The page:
tick-borne encephalitis virus


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tick-·borne en·ceph·a·li·tis vi·rus

arboviruses of the genus Flavivirus that occur in Central Europe and Russia in multiple subtypes, causing two forms of encephalitis in humans: tick-borne encephalitis (Central European subtype) and tick-borne encephalitis (Eastern subtype); the vectors are ticks of the genus Ixodes.

tick-borne en·ceph·a·li·tis vi·rus

(tik'bōrn en-sef'ă-lī'tis vī'rŭs)
An arbovirus of the genus Flavivirus that occurs in Central Europe, Eastern Europe, and Eurasia, in two subtypes, causing two forms of encephalitis in humans: tick-borne encephalitis (Central European subtype) and tick-borne encephalitis (Eastern European subtype); the vectors are ticks of the genus Ixodes.
References in periodicals archive ?
Louis encephalitis virus; JEV, Japanese B encephalitis virus; TBEV, tick-borne encephalitis virus.
Relation of genetic phylogeny and geographical distance of tick-borne encephalitis virus in central Europe.
Efficient transmission of tick-borne encephalitis virus between cofeeding ticks.
Seasonal dynamics of Ixodes ricinus in a 3-year period in northern Spain: first survey on the presence of tick-borne encephalitis virus.
Acute West Nile virus neuroinvasive infections: cross-reactivity with dengue virus and tick-borne encephalitis virus.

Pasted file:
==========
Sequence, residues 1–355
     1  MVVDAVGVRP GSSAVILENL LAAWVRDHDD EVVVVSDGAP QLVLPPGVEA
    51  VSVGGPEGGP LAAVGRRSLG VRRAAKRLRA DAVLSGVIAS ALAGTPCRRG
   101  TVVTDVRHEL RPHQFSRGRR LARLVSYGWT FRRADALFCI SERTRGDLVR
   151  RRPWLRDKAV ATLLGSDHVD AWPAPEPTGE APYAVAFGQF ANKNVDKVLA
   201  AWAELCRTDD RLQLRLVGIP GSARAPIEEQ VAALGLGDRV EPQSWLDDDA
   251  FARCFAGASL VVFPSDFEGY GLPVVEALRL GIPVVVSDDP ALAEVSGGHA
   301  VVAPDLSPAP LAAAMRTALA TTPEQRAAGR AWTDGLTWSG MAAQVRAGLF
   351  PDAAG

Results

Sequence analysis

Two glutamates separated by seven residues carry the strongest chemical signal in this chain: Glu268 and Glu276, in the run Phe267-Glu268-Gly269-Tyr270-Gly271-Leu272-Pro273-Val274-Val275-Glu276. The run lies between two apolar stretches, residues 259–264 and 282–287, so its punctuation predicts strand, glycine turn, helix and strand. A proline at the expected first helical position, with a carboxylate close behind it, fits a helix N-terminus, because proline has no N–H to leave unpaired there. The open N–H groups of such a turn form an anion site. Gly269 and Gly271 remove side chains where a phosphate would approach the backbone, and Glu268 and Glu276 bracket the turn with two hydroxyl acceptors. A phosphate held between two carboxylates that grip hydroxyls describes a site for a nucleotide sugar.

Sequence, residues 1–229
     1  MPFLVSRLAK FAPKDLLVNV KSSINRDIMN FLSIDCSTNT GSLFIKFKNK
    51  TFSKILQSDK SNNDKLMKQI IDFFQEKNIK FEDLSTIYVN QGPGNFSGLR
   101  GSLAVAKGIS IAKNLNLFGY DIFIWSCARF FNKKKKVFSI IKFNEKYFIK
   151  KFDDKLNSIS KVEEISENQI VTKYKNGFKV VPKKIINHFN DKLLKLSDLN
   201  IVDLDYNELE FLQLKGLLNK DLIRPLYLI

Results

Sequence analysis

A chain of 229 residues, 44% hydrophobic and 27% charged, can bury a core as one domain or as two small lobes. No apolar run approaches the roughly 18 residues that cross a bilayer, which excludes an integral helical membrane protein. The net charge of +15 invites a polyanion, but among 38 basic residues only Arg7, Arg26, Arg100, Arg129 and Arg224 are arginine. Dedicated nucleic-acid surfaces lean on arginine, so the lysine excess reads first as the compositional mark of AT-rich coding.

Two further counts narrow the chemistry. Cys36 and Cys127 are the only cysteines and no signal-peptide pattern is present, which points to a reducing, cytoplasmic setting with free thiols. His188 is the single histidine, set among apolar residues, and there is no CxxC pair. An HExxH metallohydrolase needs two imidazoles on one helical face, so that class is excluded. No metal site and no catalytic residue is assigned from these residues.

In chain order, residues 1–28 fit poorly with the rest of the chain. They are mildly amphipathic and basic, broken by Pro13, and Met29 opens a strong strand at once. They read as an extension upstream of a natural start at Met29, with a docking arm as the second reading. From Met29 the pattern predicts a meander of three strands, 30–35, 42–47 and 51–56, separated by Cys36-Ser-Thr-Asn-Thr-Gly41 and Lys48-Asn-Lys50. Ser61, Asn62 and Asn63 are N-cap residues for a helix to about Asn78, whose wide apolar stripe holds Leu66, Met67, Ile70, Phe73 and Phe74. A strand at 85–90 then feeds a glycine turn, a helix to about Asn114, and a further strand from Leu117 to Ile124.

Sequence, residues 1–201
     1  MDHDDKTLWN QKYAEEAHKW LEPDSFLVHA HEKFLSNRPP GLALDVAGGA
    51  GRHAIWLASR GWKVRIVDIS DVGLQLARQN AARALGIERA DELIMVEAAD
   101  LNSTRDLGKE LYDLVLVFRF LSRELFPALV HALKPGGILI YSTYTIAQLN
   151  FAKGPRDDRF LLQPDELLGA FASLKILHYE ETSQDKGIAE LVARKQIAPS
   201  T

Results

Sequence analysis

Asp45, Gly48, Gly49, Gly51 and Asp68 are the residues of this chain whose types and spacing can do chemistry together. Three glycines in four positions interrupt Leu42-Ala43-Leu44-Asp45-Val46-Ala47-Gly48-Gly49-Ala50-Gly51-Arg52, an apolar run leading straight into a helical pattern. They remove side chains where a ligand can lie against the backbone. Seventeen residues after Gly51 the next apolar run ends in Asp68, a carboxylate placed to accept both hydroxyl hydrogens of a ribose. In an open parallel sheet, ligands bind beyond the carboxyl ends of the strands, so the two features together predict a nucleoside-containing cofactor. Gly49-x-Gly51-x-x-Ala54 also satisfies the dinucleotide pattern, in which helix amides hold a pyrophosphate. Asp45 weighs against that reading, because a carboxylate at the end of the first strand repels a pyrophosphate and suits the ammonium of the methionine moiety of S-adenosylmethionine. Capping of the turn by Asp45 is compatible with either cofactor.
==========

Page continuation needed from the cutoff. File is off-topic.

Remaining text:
Identification of tick-borne encephalitis virus ribonucleic acid in tick suspensions and in clinical specimens by a reverse transcription-nested polymerase chain reaction assay.
Vertical transmission of tick-borne encephalitis virus between generations of adapted reservoir small rodents.
Tick-borne encephalitis virus in wild rodents in winter, Finland, 2008-2009.
Tick-borne encephalitis virus transmission between ticks cofeeding on specific immune natural rodent hosts.
Natural tick-borne encephalitis virus infection among wild small mammals in the southeastern part of western Siberia, Russia.
Recovery of the tick-borne encephalitis virus from the blood and milk of subcutaneously infected sheep.
Kyasanur Forest disease (KFD) virus, a member of the tick-borne encephalitis virus serocomplex of the genus Flavivirus, family Flaviviridae, can cause fever, hemorrhage, and encephalitis and has a 3%-5% case-fatality ratio (l).